A study tracking the migratory patterns of tiger sharks across the Southwest Pacific reveals that coastal marine parks provide only brief protection for these important marine predators, while oceanic reefs, vital to their ecology, are overlooked.
Knowledge of the habitat use and migration patterns of large sharks is important for assessing the effectiveness of large predator Marine Protected Areas (MPAs), vulnerability to fisheries and environmental influences, and management of shark-human interactions.
A four-year study by shark research scientist, Dr Jonathan Werry, in collaboration with the French government, followed the movement of tiger sharks across the Coral Sea. The study looked at migratory movements and fidelity to specific reefs for tiger sharks tagged in New Caledonia, the east coast of Australia (the Great Barrier Reef) and oceanic reefs in the centre of the Coral Sea. Thirty-three tiger sharks (1.54 to 3.9m in total length) were tagged with passive acoustic transmitters and their localized movements monitored on receiver arrays.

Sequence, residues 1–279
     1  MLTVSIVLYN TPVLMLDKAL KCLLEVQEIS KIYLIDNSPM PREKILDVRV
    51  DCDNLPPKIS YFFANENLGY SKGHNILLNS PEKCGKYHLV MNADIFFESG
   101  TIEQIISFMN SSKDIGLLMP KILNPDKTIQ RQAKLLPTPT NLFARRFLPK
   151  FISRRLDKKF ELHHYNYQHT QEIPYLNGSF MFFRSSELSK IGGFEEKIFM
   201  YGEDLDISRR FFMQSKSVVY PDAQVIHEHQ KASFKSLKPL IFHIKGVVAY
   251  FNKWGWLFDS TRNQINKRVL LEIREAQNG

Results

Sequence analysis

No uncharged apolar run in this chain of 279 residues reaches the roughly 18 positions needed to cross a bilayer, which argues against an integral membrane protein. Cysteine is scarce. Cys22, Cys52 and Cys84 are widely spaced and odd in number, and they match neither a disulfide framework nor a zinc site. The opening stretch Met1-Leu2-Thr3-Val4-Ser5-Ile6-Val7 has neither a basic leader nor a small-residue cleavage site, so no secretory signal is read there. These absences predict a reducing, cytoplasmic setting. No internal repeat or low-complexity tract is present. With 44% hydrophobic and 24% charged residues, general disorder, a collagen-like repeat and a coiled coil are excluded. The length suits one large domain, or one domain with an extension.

Understanding the habitat-use and migration patterns of large sharks is extremely important for assessing the effectiveness of Marine Protected Areas.
From 2009 to 2013, 14 sharks with satellite and acoustic tags undertook wide-ranging movements up to 1,114km across the Coral Sea. One 3.7m female tiger shark was recorded to a previously unknown depth of 1,136m. The Chesterfield Islands appear to be important habitat for sub-adults and adult male tiger sharks.
Tiger sharks are often considered to be a reef-associated "coastal" species that exhibits seasonal and diel visits to coral reef lagoons when traversing between coral shoals and atolls. On coastal reefs, however, all of the monitored tiger sharks were found to be transient.